“So, hysteresis tells us that it is really expensive sometimes to get back to where you were, and it suggests it is better to maintain resilient systems in desirable states than to try to manage them back after they have collapsed.”

Ecological resilience has an enormous body of theory behind it that bounce-back resilience theory doesn’t, and it offers solutions for the future, Allen said.

“We can foster resilience in systems that are in desirable states,’ he said. “We can manage the tradeoffs that occur both across scales and across aspects of the system: the economic, ecological, agriculture, infrastructure, etcetera. We can avoid and manage away from critical thresholds so that we don’t cross them.”

We still need to know the long-term resilience of our current agriculture systems and whether they contain thresholds and where those thresholds may be, Allen said.

“There are ways to quantify resilience,” he said. “I’m not gong to talk about this, but as I said, there is a big body of literature out there. People are working to find what resilience is, how to identify critical thresholds, identifying leading indicators of state changes so we can manage away from them, and all kinds of other approaches, all very much in the academic realm, but with real application to real-world problems.”

The second panelist in this Heuermann Lecture, Andrea Basche, a professor in the NRT and the Department of Agronomy and Horticulture, built on Allen’s resilience talk but zeroed in on the health of agricultural soil.

Basche said that since 1850, we have lost about half of the most productive part of our soil, which is topsoil.

She also discussed a 2019 soil erosion study that indicated some Nebraska watersheds experienced soil loss that would require more than 100 years to be replenished at natural replacement rates.

“We can lose soil much more quickly than we form it,” Basche said. “We can degrade our resources over a short period of time.”

Strategies she suggested for conserving soil health to help meet increasing food demands included integrating livestock on croplands, minimizing disturbance of the soil by not tilling, diversifying the crops planted and keeping continuous crop cover on soil or roots in it.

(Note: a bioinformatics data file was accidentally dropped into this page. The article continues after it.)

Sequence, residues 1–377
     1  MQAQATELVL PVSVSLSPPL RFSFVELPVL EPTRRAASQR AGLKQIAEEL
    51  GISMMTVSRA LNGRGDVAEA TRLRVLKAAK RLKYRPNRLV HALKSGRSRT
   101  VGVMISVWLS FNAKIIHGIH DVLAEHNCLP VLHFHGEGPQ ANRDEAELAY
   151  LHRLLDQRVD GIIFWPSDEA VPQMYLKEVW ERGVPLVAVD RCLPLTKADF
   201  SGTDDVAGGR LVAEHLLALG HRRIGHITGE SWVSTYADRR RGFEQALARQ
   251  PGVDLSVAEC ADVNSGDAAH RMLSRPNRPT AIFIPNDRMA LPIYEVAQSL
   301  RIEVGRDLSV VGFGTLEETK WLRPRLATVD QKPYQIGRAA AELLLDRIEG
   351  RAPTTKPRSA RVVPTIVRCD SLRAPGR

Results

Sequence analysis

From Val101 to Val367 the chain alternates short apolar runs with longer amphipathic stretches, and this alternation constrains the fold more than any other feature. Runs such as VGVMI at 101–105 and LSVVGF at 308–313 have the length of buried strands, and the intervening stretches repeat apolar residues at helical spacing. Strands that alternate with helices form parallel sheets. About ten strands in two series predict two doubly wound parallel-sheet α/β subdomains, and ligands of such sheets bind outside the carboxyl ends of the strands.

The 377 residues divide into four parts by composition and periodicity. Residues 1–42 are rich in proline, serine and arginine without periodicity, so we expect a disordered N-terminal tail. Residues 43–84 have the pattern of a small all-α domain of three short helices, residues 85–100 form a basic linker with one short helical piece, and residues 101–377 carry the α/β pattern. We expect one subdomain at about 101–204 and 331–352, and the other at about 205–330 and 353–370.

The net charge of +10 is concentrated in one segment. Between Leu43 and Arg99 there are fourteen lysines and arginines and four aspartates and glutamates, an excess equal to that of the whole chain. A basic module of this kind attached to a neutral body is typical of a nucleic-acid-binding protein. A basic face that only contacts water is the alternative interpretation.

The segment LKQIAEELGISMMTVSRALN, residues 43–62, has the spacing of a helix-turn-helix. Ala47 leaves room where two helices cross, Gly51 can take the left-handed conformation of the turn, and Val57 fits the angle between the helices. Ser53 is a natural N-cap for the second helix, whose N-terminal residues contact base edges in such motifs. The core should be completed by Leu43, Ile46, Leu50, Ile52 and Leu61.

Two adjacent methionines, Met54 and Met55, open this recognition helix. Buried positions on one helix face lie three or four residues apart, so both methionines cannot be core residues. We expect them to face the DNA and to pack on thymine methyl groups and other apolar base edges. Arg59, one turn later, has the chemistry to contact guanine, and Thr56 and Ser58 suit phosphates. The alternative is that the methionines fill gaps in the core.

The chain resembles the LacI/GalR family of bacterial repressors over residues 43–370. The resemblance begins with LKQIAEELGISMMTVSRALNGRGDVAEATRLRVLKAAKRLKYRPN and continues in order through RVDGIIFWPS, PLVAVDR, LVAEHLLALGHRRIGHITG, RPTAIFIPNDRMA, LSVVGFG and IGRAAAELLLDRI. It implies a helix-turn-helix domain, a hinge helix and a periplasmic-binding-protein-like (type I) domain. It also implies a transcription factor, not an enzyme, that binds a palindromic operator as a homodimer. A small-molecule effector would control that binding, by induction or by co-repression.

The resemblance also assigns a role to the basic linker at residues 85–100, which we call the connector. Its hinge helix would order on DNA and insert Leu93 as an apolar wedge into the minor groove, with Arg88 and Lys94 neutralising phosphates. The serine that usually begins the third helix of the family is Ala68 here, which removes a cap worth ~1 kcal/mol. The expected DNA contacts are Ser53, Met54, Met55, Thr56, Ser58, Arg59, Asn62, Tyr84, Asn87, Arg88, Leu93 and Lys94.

She said that although some of the latest research indicates the U.S. agricultural industry can increase production to meet needs, this isn’t the full picture.

“Our production trends, they’re on track,” she said. “But when it comes to environmental goals, we are not on track.”

She spoke about the hypoxic zone in the Gulf of Mexico. Nutrients from U.S. farms drain into the Gulf and stimulate massive algal growth, which is decayed by oxygen-consuming bacteria. The resulting low oxygen levels can kill fish and marine life.

“To ensure sustainable intensification, we need to make sure that we have some real metrics in terms of our environment and that we’re working in earnest to achieve them,” Basche said.

The third panelist of the Heuermann lecture, Michael Forsberg, cofounder of the Platte Basin Timelapse project, focused on the importance of water to sustain ourselves and our environment.

“Water is the thing that binds us all together,” he said. “It pays no attention to what we believe, where we come from, what our political stripes are. It’s something that we have to think about.”

Forsberg and his team produced the “Follow the Water” documentary that the audience watched during dinner following the Heuermann Lecture. The Platte Basin Timelapse project communicates the importance of water through photography and documents changes on the landscape for education and research.

Michael Boehm, Vice Chancellor for the Institute of Agriculture and Natural Resources, concluded the final Heuermann Lecture of 2019.

“We really are about the production of food, fuel, feed and fiber for a growing world,” he said, “and doing that mindful of the sustainability of our natural resources: our water, our soils, our air and the people who produce the food.”

The Heuermann Lectures in the Institute of Agriculture and Natural Resources at Nebraska are made possible through a gift from B. Keith and Norma Heuermann of Phillips. The Heuermanns are longtime university supporters with a strong commitment to Nebraska's production agriculture, natural resources, rural areas and people.

Video recordings of the lectures can be watched on the Heuermann webpages.

Ronica Stromberg, Program Coordinator